Chris Paul had a stellar game in the Clippers Game 7 111-109 victory over the Spurs on Saturday He scored 27 points with two rebounds, six assists, two steals, one block, five 3-pointers and one turnover. However, is was all peachy for CP3 and the Clips. Paul tweaked his hamstring late in the first quarter when he hit a three-pointer. He was subbed out and went to the locker room. Paul returned and tweaked the hamstring again in the third quarter whilst driving into the lane. He had to sit again before returning to close out the victory.
Hamstring injuries are highly prevalent in our game of AFL, but not so commonly seen in the NBA. Muscle tear injuries used to be solely classified on extend of tearing, ranging from a mild Grade 1 injury through to a far more extensive tear being classified as Grade 3. Timeframes of recovery and return to sport were then based around such diagnosis. I’m sure we have all heard of the 21 day hamstring injury.
More recently, the trend in classification has been attributed to the site in the muscle tissue. We now like to diagnose these injuries based on location, where those that are located into tendon tissue, often require a far longer lay off and journey of recovery.
The basic classification exists as:
Epimysial – where there is a tear between separate muscle/fascial compartments
Intramuscular – a tear of the muscle belly tissue
Musculotendinous junction – one of the most common sites for tearing
Tendon involvement – occur generally at the extreme ends of muscles, closer to the joint location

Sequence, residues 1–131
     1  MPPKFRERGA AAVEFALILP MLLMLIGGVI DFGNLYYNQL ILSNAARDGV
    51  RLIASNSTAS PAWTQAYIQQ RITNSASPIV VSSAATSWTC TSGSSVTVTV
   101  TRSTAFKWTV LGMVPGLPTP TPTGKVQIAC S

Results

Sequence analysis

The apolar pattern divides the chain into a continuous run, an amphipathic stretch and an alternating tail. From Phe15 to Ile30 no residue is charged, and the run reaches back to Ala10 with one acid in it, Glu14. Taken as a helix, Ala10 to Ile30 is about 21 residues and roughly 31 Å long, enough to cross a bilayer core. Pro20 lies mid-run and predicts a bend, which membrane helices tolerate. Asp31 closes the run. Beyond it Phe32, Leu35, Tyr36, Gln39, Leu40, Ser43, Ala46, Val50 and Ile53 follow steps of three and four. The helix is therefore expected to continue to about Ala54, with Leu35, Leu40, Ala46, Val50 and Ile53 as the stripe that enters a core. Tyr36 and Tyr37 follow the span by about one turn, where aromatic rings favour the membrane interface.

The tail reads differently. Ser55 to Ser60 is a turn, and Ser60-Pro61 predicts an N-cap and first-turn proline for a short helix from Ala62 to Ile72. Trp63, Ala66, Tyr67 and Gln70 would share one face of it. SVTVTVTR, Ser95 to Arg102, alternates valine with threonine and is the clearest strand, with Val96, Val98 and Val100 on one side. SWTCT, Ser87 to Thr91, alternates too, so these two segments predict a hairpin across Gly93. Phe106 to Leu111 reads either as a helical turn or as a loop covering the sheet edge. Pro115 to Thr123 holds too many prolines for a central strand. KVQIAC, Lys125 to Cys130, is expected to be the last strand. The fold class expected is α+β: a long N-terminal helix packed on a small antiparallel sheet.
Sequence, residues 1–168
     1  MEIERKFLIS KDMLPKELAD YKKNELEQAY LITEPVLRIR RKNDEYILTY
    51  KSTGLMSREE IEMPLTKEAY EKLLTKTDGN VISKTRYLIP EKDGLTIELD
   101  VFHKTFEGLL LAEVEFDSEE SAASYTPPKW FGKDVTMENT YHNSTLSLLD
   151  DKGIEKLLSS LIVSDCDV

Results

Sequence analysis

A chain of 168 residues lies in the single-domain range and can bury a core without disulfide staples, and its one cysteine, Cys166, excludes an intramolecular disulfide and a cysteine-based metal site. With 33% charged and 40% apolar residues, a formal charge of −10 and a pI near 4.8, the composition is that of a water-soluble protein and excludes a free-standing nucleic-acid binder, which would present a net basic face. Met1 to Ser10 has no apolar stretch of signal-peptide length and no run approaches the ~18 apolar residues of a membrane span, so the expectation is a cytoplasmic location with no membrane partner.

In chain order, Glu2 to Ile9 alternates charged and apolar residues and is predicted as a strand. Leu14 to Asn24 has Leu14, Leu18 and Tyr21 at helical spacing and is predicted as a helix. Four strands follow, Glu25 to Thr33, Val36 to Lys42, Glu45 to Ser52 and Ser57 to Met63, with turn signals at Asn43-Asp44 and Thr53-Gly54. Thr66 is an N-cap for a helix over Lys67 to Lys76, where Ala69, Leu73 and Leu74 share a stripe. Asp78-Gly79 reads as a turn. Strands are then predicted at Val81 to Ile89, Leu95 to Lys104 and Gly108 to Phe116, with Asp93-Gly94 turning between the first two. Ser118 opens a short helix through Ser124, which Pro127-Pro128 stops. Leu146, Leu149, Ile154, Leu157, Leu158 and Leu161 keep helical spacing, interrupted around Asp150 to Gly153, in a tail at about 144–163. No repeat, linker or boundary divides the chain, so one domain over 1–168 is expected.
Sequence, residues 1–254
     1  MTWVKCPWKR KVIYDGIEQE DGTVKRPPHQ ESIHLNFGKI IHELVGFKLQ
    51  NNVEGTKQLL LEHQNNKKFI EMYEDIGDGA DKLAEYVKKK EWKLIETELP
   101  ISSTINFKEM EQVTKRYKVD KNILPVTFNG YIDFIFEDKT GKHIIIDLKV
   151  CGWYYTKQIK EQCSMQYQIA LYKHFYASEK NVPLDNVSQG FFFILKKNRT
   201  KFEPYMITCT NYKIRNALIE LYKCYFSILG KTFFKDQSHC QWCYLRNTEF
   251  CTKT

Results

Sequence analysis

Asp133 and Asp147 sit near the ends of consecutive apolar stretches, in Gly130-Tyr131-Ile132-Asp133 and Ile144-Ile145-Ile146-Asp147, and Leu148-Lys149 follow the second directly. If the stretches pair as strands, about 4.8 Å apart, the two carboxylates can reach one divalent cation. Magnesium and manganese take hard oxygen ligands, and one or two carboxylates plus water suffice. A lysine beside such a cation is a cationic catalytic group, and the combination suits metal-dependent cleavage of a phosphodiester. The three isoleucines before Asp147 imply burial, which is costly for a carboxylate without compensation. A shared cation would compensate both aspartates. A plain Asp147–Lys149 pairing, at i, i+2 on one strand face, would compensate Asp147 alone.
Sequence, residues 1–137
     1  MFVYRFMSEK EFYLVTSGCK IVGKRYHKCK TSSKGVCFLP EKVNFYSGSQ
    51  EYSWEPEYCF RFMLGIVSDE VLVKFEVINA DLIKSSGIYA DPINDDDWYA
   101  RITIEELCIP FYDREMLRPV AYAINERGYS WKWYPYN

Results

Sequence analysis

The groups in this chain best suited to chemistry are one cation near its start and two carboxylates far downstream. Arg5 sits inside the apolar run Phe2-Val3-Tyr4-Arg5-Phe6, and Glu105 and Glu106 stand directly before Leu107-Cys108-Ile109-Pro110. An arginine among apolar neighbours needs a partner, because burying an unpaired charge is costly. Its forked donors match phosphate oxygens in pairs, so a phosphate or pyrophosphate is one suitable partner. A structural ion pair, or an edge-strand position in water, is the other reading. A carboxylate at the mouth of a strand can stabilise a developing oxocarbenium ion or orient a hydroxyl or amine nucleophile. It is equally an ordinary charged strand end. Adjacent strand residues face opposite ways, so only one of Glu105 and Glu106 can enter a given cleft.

Avulsion – where the tendon and muscle does not tear, but instead the site of attachment pulls away with a small fragment of bone
This is a very simplified version to get your head around, but each description demonstrates how the severity of injury becomes greater as it progresses on the continuum. This is due to blood supply and healing response time, but also the further involvement of additional structures.
Tears also can depend on which belly of the hamstrings the injury occurs on. It may be simplified that tears into the long head of biceps femoris limit rotation and cutting movements whilst short head of biceps femoris often impact on high level sprinting.
The MRI results are apparently negative, indicating no or little damage to tissue. This suggest it may be a ‘back related hamstring’ injury or Sacro-Iliac joint. These pathologies commonly refer pain to the hamstring. He did however appear to clutch high up towards his buttock, on an outside pushing, cutting leg. In our opinion this could indicate mild tendon involvement as the tendon does not bleed as much. He then can function up to 90% maximum as the muscle fibres disperse the forces to the remaining component of where they insert onto the tendon. He may only feel his discomfort when he pushes beyond that 90% capacity on an explosive cutting movement.
All in all, hamstring injuries cannot be treated as a recipe fits all when it comes to rehabilitation. Source an experienced clinician who can guide you safely on your return.
The Clippers will be doing everything in their power to make sure Chris Paul is right to play. Currently he would be considered a day-to-day decision, but it would be likely in our opinion that he rests Game 1 of the Rockets series whilst he gets his body in better condition. You can be sure he’ll be loosening his hip flexors and lumbar spine whilst strengthening up his hamstring and glute musculature! We can’t forget he is now 30 years old, so to suffer a catastrophic muscle tear would take a longer period to heal. To sit one game would be a far more logical risk vs reward decision.
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